Independent journalists, some of whom double as human rights activists, are regular targets of harassment, CPJ found. Their phone lines are cut, they receive anonymous threats, their e-mail is hacked, they are placed under police surveillance, and they are denied the right to travel freely.

Abdallah Zouari, a reporter for the now-defunct Islamist weekly Al-Fajr, remained under virtual house arrest, more than 300 miles (480 kilometers) from his wife and children in Tunis. A military court sentenced Zouari in 1992 to 11 years in prison and five years of  ”administrative surveillance” for “belonging to an illegal organization” and “planning to change the nature of the state.” Several weeks after his release in June 2002, he was forced to move to the outskirts of the southern city of Zarzis, where he has remained under continuous police surveillance.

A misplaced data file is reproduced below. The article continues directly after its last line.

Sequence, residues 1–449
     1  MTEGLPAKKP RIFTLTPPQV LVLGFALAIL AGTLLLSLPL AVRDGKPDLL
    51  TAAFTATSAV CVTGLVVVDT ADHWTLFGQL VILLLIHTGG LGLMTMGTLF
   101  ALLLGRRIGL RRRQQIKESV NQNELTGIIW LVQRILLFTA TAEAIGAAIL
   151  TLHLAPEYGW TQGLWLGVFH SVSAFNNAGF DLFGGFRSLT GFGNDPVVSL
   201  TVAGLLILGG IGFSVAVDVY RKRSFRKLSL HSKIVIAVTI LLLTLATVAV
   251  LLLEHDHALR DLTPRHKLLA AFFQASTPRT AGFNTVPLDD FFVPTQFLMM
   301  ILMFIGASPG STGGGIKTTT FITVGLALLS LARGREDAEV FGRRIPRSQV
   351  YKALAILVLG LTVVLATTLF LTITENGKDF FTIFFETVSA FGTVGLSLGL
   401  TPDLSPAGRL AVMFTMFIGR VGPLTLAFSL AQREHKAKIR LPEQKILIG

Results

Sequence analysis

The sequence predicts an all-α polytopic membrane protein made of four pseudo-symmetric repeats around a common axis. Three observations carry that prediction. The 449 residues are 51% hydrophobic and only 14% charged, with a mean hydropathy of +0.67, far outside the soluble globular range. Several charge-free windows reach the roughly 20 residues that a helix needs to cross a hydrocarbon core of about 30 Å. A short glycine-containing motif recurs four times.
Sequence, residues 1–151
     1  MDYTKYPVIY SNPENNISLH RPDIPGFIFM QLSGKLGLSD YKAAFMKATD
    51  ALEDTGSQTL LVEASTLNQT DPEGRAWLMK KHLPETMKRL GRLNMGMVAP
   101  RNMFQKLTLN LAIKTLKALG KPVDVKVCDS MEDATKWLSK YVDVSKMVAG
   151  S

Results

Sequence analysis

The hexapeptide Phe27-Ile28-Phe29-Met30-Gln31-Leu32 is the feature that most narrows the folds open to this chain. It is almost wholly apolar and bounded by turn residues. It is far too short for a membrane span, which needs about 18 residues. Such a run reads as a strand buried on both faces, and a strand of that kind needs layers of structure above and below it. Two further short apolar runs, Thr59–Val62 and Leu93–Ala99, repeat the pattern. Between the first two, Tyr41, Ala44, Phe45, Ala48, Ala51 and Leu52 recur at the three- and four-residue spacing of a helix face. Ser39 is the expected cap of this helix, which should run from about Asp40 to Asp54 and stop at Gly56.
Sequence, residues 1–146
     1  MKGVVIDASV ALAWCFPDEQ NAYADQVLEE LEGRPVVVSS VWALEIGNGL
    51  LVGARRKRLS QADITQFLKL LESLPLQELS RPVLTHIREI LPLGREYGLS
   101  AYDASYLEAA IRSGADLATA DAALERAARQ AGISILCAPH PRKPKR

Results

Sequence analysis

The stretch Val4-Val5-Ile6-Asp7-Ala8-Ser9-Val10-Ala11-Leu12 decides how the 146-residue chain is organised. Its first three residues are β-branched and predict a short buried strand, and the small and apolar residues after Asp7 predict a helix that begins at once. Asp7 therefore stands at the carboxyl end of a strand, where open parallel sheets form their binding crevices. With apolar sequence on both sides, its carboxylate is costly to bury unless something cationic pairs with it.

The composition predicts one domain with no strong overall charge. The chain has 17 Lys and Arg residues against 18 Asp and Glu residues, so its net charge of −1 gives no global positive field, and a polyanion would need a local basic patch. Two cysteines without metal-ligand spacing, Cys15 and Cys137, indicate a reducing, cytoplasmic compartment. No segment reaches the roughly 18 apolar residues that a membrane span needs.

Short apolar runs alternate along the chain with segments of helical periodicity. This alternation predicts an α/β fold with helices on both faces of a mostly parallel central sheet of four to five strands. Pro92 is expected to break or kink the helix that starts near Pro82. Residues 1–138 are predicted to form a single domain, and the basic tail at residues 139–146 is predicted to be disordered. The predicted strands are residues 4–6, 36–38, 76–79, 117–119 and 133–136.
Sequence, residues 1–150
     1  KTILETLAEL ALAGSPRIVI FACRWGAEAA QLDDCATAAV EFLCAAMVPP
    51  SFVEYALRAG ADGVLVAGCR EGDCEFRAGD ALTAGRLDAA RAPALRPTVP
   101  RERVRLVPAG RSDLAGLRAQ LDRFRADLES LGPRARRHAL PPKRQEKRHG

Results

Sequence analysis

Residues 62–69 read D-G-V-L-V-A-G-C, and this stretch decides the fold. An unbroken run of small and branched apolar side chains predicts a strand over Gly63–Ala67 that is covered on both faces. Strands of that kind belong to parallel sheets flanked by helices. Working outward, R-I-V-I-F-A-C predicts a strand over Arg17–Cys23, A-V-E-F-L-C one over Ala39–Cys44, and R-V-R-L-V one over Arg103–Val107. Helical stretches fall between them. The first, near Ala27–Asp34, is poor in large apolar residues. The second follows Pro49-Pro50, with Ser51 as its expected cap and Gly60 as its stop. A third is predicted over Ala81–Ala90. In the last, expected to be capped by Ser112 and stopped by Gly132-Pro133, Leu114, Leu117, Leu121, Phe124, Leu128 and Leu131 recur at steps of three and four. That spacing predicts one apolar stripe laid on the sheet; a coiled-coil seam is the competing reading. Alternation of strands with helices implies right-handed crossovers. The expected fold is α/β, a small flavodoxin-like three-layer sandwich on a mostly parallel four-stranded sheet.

The long-term obstruction of the independent news Web site Kalima and the harassment of its editors provided another stark example of the government’s tactics. For the fifth time in nine years, founder Sihem Bensedrine unsuccessfully sought permission to produce a print edition of Kalima; officials at the Ministry of Interior would not accept her application in 2008. Although Kalima‘s Web site remained blocked in Tunisia, its biting critiques of the government were available, and widely read, abroad. In March, customs officials at the port of La Goulette roughed up Bensedrine and seized documents, computer discs, and a cell phone as she and her husband, Omar Mestiri, Kalima‘s managing editor, returned from Europe. In August, border police at Tunis-Carthage International Airport prevented Bensedrine from boarding a plane bound for Vienna, Austria. In October, vandals hacked into Kalima‘s site, hosted in France, shutting it down and destroying eight years of archives. When Editor Neziha Rejiba wrote an opinion piece for the opposition weekly Mouatinoun attributing the destruction to state agents, the government seized copies of the weekly and summoned Rejiba to court for potential prosecution.